Under the settlement, Green Mountain Power will pay the Nelsons a total of $1,300,000 to purchase the Nelsons’ Lowell, Vermont farm.

The Nelsons have released a statement noting that if they had fought the court battle to the end and prevailed – as they were confident they would have – they would not have been able to reverse the effects on Lowell Mountain or cause the towers to be removed from the mountain top. They would have received, at best, money damages comparable to what they achieved through settlement but only after a major courtroom battle with the possibility of appeals and with no certainty as to the outcome of the various claims and counterclaims filed by the Nelsons against Green Mountain Power and by Green Mountain Power against the Nelsons.

The Nelsons stated that once the turbines were built, it was clear that they were not coming down and the effect on Lowell Mountain was irreversible. They made the decision that they would not remain in their Lowell Mountain hill farm in the shadow of the turbines. The Nelsons intend to move from their farm to a location well away from the turbines.

As part of the settlement, Green Mountain Power agreed it would not oppose post- conviction relief sought by the citizen protestors who were convicted of trespass for standing on land that the Nelsons claim is theirs. Green Mountain Power acknowledged that the legal status and title to the land was in dispute.

The Nelsons have been fierce opponents of the Green Mountain Power wind turbine project because of its impact on Lowell Mountain, a mountain that Don Nelson grew up with and that both Nelsons dearly love. The Nelson farm has been in the Nelson family for more than 72 years.

The Nelsons expressed their gratitude to their many friends and neighbors who have battled with them to oppose the construction of wind turbines on Lowell Mountain.



The right to possess and protect

Barton Chronicle Editorial


 DEC. 17, 2013

Editor’s note: This commentary is by Chris Braithwaite, the publisher of the Barton Chronicle, in which it was first published on Dec. 11, 2013

The Vermont Supreme Court’s four-to-one decision against the Lowell Six is only the latest in a series of rulings that, with disturbing consistency, seem stacked in favor of a big and influential Vermont corporation — and against ordinary citizens who tried to protect a mountain they love.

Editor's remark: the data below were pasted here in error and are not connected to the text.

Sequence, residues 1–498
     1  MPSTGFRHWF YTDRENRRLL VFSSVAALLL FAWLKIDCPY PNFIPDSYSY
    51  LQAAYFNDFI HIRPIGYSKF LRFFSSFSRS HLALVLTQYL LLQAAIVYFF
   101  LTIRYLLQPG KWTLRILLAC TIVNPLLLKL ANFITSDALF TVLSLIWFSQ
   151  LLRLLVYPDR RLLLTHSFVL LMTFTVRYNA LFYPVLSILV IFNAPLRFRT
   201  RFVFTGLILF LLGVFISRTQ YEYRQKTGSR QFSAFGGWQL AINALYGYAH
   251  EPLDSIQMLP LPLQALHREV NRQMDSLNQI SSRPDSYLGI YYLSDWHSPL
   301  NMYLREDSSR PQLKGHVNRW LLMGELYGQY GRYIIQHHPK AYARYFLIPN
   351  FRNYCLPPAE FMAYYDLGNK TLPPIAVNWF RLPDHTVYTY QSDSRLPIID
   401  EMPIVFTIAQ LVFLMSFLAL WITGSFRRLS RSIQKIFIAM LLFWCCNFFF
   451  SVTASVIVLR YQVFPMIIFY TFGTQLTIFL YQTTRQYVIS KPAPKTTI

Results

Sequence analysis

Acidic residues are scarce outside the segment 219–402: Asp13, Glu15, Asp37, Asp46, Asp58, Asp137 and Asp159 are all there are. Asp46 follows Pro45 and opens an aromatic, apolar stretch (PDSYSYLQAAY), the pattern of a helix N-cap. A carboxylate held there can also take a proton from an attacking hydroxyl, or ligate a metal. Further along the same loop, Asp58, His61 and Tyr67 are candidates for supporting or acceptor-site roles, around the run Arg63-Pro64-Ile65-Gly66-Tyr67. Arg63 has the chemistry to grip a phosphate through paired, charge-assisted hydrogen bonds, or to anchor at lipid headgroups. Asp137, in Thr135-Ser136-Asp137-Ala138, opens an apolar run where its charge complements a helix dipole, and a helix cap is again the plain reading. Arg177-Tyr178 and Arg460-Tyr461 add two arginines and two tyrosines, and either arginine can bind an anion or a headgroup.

The high court upheld a Superior Court jury’s verdict that the six committed the crime of trespass when they put their bodies in the way of the heavy equipment that was building Green Mountain Power’s industrial wind project on Lowell Mountain.

The issue before the high court was whether, since the ownership of the property they occupied on the morning of Dec. 5, 2011, was in dispute, and they were there with the permission of one of the claimants, they could be convicted of committing the crime of trespass.

A majority of the justices said yes, for reasons that are legally complex. But in his dissent, Justice John Dooley raised a question any layman can understand: What if the civil courts ultimately decide that the land is owned by Don and Shirley Nelson, rather than the neighbor who leased it to Green Mountain Power?

If that happens, Justice Dooley wrote, “nothing would demonstrate a miscarriage of justice more. … A criminal case is an inappropriate way for the State to resolve a boundary dispute.”

Whatever consolation they may draw from Justice Dooley’s dissent, the Lowell Six face the fact that they have taken their case to the state’s highest court, and they have lost. The turbines are spinning on Lowell Mountain, however fitfully, and the people who did their best to stop them are criminals.